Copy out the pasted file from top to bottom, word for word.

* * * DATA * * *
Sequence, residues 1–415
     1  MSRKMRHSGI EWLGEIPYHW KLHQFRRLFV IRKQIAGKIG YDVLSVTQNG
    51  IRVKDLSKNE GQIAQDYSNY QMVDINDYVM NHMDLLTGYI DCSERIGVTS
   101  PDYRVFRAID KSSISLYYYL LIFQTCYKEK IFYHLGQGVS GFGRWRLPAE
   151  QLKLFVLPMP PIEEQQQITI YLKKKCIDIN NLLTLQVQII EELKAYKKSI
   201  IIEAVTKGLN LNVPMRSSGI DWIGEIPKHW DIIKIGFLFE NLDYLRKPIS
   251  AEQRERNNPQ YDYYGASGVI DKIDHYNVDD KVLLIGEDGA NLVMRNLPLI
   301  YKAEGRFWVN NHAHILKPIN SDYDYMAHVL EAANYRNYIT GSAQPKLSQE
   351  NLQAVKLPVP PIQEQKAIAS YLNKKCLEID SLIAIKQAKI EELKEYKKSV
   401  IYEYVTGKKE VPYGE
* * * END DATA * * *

Sequence, residues 1–415
     1  MSRKMRHSGI EWLGEIPYHW KLHQFRRLFV IRKQIAGKIG YDVLSVTQNG
    51  IRVKDLSKNE GQIAQDYSNY QMVDINDYVM NHMDLLTGYI DCSERIGVTS
   101  PDYRVFRAID KSSISLYYYL LIFQTCYKEK IFYHLGQGVS GFGRWRLPAE
   151  QLKLFVLPMP PIEEQQQITI YLKKKCIDIN NLLTLQVQII EELKAYKKSI
   201  IIEAVTKGLN LNVPMRSSGI DWIGEIPKHW DIIKIGFLFE NLDYLRKPIS
   251  AEQRERNNPQ YDYYGASGVI DKIDHYNVDD KVLLIGEDGA NLVMRNLPLI
   301  YKAEGRFWVN NHAHILKPIN SDYDYMAHVL EAANYRNYIT GSAQPKLSQE
   351  NLQAVKLPVP PIQEQKAIAS YLNKKCLEID SLIAIKQAKI EELKEYKKSV
   401  IYEYVTGKKE VPYGE